Attorney John Dombroski, representing White and B-Man Tavern, said the family is certain that Gardner died from a heart attack, rather than from injuries in the accident.

The bartender working that Tuesday afternoon, Melissa Marrama, said she is TIPS certified. She said she served Gardner and his childhood friends that afternoon, from 12:30 to approximately 4 or 4:15 p.m., but did not see any signs of intoxication. She added that, as a part-time bartender, Gardner and his friends were not regulars of hers.

In addition to drinking 16-ounce glasses of Yuengling lite draft beer, the party also ate lunch; Gardner ordered a pastrami sandwich and fries. Gardner told the bartender about an upcoming shoulder surgery and, she found out later, was complaining to his friends about numbness in his other arm and not feeling well.

Marrama said Gardner was not slurring his speech or fumbling.

"When he left, he said he would come in and see me on (that) Friday,'' she said.

White said he was working in the kitchen, but did walk through the restaurant and talk to the men, before leaving at 3 p.m. White said Gardner was a "little off, quieter than normal, not as geared up.'' But, he said Gardner did not display signs of intoxication.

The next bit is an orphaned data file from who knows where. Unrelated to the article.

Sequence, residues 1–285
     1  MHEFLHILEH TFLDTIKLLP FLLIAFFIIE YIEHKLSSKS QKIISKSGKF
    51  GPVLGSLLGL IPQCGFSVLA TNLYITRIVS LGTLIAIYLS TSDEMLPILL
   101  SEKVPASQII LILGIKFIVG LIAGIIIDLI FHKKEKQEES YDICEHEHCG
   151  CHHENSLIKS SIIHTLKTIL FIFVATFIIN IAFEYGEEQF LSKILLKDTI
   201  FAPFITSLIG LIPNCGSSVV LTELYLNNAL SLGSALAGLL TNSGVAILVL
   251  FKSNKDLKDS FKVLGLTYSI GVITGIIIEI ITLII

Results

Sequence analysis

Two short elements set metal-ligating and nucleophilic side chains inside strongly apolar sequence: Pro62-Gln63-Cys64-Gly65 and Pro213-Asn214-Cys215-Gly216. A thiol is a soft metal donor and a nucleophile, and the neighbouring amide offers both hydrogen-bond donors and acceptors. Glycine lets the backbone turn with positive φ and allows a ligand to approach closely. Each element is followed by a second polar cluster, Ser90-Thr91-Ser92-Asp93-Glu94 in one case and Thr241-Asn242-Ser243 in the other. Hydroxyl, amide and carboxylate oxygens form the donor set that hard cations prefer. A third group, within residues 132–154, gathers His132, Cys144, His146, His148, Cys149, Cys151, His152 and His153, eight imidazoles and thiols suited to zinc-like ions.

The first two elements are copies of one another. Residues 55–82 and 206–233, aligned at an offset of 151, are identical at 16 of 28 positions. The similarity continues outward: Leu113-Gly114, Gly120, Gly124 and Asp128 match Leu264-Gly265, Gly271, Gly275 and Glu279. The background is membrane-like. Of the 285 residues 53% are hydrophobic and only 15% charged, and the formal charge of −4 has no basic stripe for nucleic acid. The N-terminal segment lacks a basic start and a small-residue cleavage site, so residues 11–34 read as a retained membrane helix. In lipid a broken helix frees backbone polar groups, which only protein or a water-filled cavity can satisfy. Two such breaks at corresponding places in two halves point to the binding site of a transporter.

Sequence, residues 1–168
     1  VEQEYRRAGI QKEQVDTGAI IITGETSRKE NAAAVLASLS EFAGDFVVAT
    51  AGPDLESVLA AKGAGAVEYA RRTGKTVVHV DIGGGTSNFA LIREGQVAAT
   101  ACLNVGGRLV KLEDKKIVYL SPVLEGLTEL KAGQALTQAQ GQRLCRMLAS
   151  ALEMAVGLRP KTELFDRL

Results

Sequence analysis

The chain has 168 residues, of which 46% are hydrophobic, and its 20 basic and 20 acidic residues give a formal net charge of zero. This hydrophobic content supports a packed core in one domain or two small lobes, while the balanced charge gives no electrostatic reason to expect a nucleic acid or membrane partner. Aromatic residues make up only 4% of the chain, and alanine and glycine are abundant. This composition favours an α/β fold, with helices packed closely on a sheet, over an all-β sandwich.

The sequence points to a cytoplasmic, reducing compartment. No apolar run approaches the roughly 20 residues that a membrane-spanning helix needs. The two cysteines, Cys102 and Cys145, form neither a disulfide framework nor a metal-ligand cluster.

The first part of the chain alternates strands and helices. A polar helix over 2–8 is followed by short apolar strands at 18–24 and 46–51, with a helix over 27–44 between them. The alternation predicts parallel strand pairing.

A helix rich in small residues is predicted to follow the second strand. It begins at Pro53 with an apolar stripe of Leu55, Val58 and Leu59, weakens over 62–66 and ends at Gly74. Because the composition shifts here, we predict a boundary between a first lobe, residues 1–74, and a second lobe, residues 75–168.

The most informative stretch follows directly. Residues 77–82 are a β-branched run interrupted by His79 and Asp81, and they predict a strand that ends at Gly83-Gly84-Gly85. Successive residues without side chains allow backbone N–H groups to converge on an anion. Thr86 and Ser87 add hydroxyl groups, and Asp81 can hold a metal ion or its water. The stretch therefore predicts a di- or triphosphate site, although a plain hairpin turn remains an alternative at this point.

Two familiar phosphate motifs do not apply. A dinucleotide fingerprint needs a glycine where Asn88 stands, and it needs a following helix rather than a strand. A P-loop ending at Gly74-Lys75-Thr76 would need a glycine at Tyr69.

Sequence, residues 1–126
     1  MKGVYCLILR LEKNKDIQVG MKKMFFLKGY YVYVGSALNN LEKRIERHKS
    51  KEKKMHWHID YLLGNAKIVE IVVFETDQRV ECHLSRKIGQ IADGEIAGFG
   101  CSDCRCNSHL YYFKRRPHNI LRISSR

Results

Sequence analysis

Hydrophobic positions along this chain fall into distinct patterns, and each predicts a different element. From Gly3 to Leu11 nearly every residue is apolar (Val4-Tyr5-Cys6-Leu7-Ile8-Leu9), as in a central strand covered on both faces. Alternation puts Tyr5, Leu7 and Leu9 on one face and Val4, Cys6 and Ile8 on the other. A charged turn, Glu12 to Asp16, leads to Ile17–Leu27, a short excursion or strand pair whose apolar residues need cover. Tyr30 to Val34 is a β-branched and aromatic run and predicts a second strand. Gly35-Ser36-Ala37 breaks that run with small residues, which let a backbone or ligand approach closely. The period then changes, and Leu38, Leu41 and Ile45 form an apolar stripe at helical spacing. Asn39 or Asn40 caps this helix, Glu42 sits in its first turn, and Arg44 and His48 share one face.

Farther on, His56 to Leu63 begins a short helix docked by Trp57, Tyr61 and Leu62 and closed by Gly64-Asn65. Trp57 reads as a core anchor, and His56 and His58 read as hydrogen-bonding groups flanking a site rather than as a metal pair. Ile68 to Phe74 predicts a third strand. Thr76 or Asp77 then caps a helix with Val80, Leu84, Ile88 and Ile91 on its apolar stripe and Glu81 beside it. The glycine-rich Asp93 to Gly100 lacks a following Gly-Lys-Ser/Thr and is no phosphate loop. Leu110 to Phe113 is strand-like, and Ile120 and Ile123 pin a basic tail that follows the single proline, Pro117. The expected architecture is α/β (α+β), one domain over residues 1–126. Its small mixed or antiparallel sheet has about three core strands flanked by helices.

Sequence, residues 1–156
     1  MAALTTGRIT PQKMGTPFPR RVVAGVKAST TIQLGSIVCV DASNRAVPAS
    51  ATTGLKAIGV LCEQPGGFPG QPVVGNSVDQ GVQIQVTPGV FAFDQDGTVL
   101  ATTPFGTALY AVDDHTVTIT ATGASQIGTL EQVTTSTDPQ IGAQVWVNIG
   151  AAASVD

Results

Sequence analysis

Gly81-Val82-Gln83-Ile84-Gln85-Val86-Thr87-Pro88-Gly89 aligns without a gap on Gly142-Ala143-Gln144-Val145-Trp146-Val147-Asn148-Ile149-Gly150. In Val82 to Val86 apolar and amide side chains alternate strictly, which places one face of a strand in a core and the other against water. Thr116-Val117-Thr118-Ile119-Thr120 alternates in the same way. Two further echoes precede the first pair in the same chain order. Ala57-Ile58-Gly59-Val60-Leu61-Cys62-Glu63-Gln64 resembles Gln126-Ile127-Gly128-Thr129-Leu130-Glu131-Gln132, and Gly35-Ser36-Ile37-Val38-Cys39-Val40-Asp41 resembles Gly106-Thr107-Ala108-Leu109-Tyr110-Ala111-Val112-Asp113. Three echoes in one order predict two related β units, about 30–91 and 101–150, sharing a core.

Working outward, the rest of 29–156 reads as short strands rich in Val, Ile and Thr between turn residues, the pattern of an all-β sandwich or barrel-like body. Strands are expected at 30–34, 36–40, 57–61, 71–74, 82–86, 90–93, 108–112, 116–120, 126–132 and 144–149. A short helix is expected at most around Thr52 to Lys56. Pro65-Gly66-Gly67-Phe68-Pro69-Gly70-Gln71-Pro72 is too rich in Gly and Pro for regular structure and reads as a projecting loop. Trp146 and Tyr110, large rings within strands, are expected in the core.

White returned to the bar after receiving a call about the accident.

Chamberland confirmed with the bartender that the three men, over the course of four hours, ordered 19 drinks, but the bartender said the men were buying drinks for each other and others in the bar.

"It is a mistake to assume the three drank all the drinks,'' Dombroski said.

"We don't want to get hung up on the number of drinks,'' Chamberland said. "With the blood alcohol level, the appearance of intoxication should have been recognized.''

While Dombroski said he would like to wait to get evidence of cause of death Co the autopsy has not yet been completed by the medical examiner Co selectmen agreed that was not relevant, only whether the staff knowingly served someone displaying signs of intoxication.

Chamberland said he was concerned that, if the signs of intoxication were missed on a slow Tuesday, when the tavern was almost empty, would the staff be able to notice the signs on a busy Sunday when the tavern was full and there was live entertainment?